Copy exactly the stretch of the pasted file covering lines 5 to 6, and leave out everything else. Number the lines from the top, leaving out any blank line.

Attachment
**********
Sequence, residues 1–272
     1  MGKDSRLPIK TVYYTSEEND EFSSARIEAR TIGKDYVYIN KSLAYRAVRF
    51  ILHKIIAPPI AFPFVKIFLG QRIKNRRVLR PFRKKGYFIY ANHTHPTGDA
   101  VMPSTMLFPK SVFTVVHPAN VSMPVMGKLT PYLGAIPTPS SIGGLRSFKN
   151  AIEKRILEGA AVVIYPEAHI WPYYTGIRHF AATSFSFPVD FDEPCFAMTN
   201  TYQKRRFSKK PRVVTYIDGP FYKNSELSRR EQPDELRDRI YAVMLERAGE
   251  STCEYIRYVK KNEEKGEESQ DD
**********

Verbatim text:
   151  AIEKRILEGA AVVIYPEAHI WPYYTGIRHF AATSFSFPVD FDEPCFAMTN
   201  TYQKRRFSKK PRVVTYIDGP FYKNSELSRR EQPDELRDRI YAVMLERAGE